Warming Arctic reduces dust levels in parts of the planet

Research finds anti-desertification measures needed in tandem with emission reductions

Golden sand dunes with wavy patterns under a blue sky with few clouds.

Sand dunes in the Thar Desert in Rajasthan, India. (Credit: Dmitry Rukhlenko)

Climate change is a global phenomenon, but its impacts are felt at a very local level.

Take, for example, dust. Dust can have a huge impact on local air quality, food security, energy supply and public health. Yet, little is known about how global climate change is impacting dust levels. 

Previous studies have found that dust levels are actually decreasing across India, particularly northern India, the Persian Gulf Coast and much of the Middle East, but the reason has remained unclear. Researchers at the Harvard John A. Paulson School of Engineering and Applied Sciences (SEAS) are working to understand how global climate change is impacting dust levels in the region.

In a paper published in the Proceedings of the National Academy of Sciences, a team of researchers led by Michael B. McElroy, the Gilbert Butler Professor of Environmental Studies at SEAS, found that the decrease in dust can be attributed to the Arctic warming much faster than the rest of the planet, a phenomenon known as Arctic amplification. This process destabilizes the jet stream and changes storm tracks and wind patterns over the major sources of dust in West and South Asia — namely the Arabian Peninsula and the Thar Desert between India and Pakistan.

“Local land management, rapid urbanization and industrialization certainly contribute to dust levels West and South Asia but the novel insight from our study is the increasingly dominant influence of circulation change on the broader global climate context,” said McElroy. “Changes in atmospheric circulation patterns, driven by global climate dynamics shifts, have emerged as the principal driver behind the observed recent dust reductions in West and South Asia.”

What does that mean for the future of dust in the region? It all depends on how we curb emissions. Ironically, the best-case scenario for emissions — carbon neutrality — could have the worst impact for dust. If humans can reduce emissions enough to slow or stop Arctic amplification, then the jet stream and wind patterns would likely return to pre-warming states, which would lead to an increase in dust.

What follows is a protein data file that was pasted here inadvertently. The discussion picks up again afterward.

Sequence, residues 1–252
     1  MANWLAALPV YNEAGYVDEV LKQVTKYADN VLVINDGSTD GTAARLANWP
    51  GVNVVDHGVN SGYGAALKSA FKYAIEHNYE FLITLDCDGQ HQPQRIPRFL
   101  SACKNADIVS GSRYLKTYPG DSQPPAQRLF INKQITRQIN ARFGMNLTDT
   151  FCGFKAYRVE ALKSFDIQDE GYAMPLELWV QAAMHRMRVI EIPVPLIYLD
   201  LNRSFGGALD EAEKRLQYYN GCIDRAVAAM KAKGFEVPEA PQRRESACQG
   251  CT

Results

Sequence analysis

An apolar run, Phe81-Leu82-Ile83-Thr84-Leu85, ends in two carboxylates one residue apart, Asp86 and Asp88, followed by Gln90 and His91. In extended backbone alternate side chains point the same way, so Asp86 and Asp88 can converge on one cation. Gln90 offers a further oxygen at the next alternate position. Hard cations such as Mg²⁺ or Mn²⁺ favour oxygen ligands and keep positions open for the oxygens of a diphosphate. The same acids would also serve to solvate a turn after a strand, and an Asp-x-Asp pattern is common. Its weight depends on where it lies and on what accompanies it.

Of course, that doesn’t mean we shouldn’t pursue carbon neutrality, said McElroy. But as the global community works to reduce greenhouse emissions, local governments should simultaneously be working to address dust reduction.

“At the local level, we need to be thinking about stronger anti-desertification actions such as reforestation and irrigation management and how to better monitor urban-level dust concentrations, in concert with broad climate mitigation strategies,” said McElroy.

The research was co-authored by Fan Wang, Yangyang Xu, Piyushkumar N. Patel, Ritesh Gautam, Meng Gao, Cheng Liu, Yihui Ding, Haishan Chen,  Yuanjian Yang, Yuyu Zhou and Gregory R. Carmichael. The research was supported by grants from National Key Research and Development Program of China (2022YFC3700103), National Natural Science Foundation of China (Project Nos. 42322902 and 42375095), and the Research Grants Council of the Hong Kong Special Administrative Region, China (Project Nos. C2002- 22Y, 22201820, and 12202021).

Topics: Climate, Environmental Science & Engineering

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